The plan would gradually raise the federal minimum wage from its current rate of $7.25 an hour to $10 an hour by 2025. It was criticized by Democratic legislators and others for being lower than the minimum wage in Cotton's home state-- $11 an hour.
A majority of younger and older Americans both support the wage hike, a late January poll revealed.
Had the minimum wage kept up with buying power (inflation) and productivity, since the $7.50 minimum wage was passed, it would be $23.00 now. The $15 that Sinema helped kill was a compromise. Now she and a few other conservatives are offering a further compromise: $11 an hour.
Sinema lied her way into Congress, pretending to represent Democratic Party values and principles that she works with the GOP to oppose. Last week, Ruth Ben-Ghiat, published an essay that reminded me of Sinema, Why Do People Believe Liars? Ben-Ghiat writes about authoritarian leaders, which is why she has spent a lot of time studying professional liars. She wrote that she's "frequently asked why people believe the falsehoods told by political figures and their media allies."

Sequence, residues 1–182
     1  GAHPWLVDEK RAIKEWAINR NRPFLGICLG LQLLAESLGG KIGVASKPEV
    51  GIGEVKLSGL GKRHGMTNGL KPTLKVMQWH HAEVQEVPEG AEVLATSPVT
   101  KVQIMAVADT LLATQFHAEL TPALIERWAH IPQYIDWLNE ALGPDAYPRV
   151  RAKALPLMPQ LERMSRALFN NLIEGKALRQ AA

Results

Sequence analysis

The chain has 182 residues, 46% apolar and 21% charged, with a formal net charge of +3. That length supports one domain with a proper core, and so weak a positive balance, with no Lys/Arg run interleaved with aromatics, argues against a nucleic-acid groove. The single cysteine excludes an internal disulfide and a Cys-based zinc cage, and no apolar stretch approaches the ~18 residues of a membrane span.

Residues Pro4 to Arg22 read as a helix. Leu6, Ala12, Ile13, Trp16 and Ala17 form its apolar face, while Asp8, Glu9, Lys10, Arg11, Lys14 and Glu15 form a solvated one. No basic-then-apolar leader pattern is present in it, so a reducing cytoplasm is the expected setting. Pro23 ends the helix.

Here's where the big corporate money and the big bucks from Schumer come into play. "Propaganda gains traction through repetition and saturation... Seeing the same messages over and over can lead some to tune out, but it may also boost confidence that the content is truthful. Repetition can lead to familiarity, which increases acceptance," especially when alternative voices are silenced.